Buoyed freediver survives boat separation

The moment the missing freediver is spotted from his family's boat
The moment the missing freediver is spotted from his family's boat

A Florida Keys spearfisher underwent a dramatic experience when his freedive to around 10m was transformed by a sudden downcurrent into a rapid descent into deeper waters – but he survived to tell the tale, after spending some three hours missing at sea.

Dylan Gartenmayer, 22, was boat-diving on a reef several miles off Key West on the afternoon of 19 January, with two friends as surface cover. Conditions had been deteriorating but he had insisted on one more dive when the incident occurred.

He later reported having to maintain his breath-hold unexpectedly for about two minutes before regaining the surface, by which time he was a long way from the boat. 

Gartenmayer, who was wearing a wetsuit and carrying a snorkel, then swam about a mile to reach a channel marker buoy, partly supported on some floating bamboo he had found. He managed to cut and fasten together three mooring buoys to form a makeshift raft. 

His friends, assuming that he had blacked out under water, had raised the alarm when he failed to reappear. As the US Coastguard launched a search operation, the freediver’s family joined in on his grandfather’s boat Contender – and it was his friend Joel Cruz on that vessel who spotted the diver’s raft.

“God was definitely on our side, because as soon as we stopped running out and started looking, we spotted him right away at almost the exact co-ordinates we were given,” said one of the family search party, cousin Priscilla Gartenmayer, who described the trip out as “the scariest boat-ride of our life”.  The rescue was captured on a phone video that has been widely viewed.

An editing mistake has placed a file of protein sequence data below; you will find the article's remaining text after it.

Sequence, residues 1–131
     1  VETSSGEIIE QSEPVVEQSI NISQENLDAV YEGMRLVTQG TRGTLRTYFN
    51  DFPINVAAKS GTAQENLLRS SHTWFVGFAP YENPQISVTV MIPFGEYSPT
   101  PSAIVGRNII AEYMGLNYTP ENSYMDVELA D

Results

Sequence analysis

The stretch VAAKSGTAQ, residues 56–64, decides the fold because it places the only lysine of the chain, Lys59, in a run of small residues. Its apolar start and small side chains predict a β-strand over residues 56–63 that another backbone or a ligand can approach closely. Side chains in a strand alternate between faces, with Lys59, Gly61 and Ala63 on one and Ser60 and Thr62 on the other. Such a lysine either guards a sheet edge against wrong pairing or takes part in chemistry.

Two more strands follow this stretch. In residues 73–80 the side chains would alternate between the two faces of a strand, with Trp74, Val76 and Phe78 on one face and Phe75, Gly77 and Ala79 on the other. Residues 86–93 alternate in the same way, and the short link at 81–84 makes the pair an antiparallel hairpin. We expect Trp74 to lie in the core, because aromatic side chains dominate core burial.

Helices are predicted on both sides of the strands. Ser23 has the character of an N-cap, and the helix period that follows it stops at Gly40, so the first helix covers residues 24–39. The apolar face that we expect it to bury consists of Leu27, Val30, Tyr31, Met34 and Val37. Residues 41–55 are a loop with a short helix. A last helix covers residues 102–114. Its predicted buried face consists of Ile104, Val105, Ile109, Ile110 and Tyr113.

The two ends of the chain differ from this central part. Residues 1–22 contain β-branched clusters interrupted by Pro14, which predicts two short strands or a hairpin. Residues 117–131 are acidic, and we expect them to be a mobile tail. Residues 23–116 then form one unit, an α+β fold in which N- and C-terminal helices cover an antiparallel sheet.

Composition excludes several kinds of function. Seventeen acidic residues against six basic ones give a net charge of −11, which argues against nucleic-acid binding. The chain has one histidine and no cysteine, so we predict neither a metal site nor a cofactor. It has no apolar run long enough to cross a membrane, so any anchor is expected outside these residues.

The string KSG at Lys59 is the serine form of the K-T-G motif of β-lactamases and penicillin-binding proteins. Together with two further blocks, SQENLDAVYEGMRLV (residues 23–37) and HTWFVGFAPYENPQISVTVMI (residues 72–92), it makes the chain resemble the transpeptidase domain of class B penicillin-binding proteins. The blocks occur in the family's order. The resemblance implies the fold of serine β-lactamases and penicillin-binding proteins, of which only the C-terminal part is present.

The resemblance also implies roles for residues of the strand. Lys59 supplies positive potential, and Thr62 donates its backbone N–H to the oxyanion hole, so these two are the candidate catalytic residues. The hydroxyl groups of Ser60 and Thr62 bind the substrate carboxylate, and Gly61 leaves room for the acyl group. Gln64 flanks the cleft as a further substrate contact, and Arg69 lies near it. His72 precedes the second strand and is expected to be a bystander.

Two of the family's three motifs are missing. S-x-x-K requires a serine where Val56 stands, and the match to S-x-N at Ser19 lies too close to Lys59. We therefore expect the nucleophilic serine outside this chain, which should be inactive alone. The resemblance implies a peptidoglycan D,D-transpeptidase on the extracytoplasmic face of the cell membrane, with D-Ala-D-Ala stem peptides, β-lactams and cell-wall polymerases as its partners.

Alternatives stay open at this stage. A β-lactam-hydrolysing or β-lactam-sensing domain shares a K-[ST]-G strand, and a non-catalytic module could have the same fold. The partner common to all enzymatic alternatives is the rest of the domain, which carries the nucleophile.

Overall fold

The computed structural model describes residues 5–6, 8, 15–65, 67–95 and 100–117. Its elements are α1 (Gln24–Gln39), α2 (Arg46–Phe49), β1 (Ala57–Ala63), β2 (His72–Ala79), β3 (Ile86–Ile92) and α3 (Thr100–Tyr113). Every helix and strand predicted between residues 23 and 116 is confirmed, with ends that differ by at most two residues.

The Coastguard brought Gartenmayer ashore and within an hour his body temperature had normalised and he was able to go home.

“Too often missing-diver cases don’t have positive outcomes, and the circumstances of this case didn’t forecast for one,” US Coastguard search and rescue mission co-ordinator Lt-Cdr Elizabeth Tatum told NBC6. 

“Sunset, weather conditions and Dylan’s [black] outfit were playing against us in this case, but his foresight to lash mooring-balls together to make him a bigger target in the water was smart.”

Scuba instructor dies in Thailand

In Thailand a British scuba-diving instructor has been found dead in his rented flat on the island of Koh Tao. The body of Neil Giblin, 48, from Birmingham, was discovered after students reported that he had failed to arrive to lead their course.

According to police Giblin had died of natural causes, although a friend told the Sun that no post mortem examination had been carried out and “something doesn’t add up”. The death was not widely reported in Thailand, where the authorities have grown weary of frequent tabloid press references to the expatriate and backpacker diving location as “Death Island”. 

This stems from a series of unexplained or suspicious deaths of foreigners since 2014, including six people from Britain, one of them a scuba diver.

Also on Divernet: Diver Endures Seven-Hour Drift After Separation, Missing Boy Died Beside Father On Malaysia Drift


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